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August 4, 2015
Martin Selig Real Estate's plans for the downtown Seattle building that once housed the Federal Reserve are out of the vault.
Martin Selig said his current plan is to build a 29-story tower above the four-story building at 1015 Second Ave. that was built in 1950.
A three-story winter garden would act as a “hyphen” separating the old and new structures.
The building is on the National Register of Historic Places, which impacts what Selig can do with the structure.
Selig will have to go through the city's Landmarks Preservation Board in addition to design review. If all goes well, Selig said he would like to begin construction by the middle of next year.
Crews would leave the outside intact but add new spread footings and build office space inside the structure.
The completed project would have 533,000 square feet of rentable office space, and reach the maximum floor area ratio that zoning allows, Selig said.
Perkins + Will is the architect, Lease Crutcher Lewis is the general contractor and KPFF Consulting Engineers is the structural engineer.
Crews would remove the floors in the existing structure to add new footings and underground parking. The floors will be put back in the same place they are now, Selig said.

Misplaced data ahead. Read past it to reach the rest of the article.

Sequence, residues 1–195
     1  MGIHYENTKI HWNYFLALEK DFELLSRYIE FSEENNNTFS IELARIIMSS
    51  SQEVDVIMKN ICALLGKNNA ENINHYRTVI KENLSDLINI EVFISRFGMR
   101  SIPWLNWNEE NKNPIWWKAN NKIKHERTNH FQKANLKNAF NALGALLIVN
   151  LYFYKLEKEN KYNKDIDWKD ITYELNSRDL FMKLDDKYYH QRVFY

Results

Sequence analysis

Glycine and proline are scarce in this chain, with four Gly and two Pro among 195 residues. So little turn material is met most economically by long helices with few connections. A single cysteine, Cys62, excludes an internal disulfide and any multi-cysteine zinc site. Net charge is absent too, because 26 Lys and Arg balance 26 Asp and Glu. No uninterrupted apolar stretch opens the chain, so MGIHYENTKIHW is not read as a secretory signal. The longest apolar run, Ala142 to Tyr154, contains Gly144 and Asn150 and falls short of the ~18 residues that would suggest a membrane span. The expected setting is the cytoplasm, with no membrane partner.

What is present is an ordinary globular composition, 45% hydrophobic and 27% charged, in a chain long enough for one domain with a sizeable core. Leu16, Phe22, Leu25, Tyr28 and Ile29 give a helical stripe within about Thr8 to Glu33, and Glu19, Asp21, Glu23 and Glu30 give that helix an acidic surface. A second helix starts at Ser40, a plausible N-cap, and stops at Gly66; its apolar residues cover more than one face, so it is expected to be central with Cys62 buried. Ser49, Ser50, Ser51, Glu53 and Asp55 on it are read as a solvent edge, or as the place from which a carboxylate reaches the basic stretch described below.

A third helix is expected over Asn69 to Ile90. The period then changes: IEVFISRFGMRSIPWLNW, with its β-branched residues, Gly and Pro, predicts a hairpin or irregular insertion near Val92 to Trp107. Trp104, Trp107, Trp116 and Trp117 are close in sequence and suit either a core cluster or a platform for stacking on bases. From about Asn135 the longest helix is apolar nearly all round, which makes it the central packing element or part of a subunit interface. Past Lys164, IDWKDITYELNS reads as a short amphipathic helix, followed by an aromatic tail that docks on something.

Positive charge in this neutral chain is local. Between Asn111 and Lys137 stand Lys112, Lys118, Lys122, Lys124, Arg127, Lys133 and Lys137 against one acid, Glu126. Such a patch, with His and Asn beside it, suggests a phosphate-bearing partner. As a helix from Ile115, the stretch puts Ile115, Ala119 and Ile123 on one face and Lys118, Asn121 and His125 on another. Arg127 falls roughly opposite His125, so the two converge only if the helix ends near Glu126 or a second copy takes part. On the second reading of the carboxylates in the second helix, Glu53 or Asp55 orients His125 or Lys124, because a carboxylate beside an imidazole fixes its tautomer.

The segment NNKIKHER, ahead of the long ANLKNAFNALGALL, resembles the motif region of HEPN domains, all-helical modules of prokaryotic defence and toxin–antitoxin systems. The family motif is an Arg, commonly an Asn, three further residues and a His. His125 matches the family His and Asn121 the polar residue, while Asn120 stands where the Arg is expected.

The tower would go up just like any other structure, Selig said, except that the lower floors would have the existing shell around them.
“You do not disturb the outside of the building in any fashion,” he said.
The lobby and teller cages on the first floor would be preserved, and the vault doors would become an architectural piece.
Selig bought the 90,000-square-foot building earlier this year in an auction from the U.S. General Services Administration. Selig outlasted seven other bidders and got the property for $16 million.
After it was constructed in 1950, the building housed the Federal Reserve until it moved to Renton in 2008.
It was designed by Bill Bain Sr., founder of NBBJ in Seattle, and is an early example of the firm's work.
Developers tried to buy the building for years. In 2008, there was a deal to sell it to Sabey Corp. for $19.75 million but that fell through after a preservation group filed a lawsuit.
Selig was one of five developers who tried to buy the building at that time. He offered $15 million. The others were Hines, Ariel Development and Touchstone.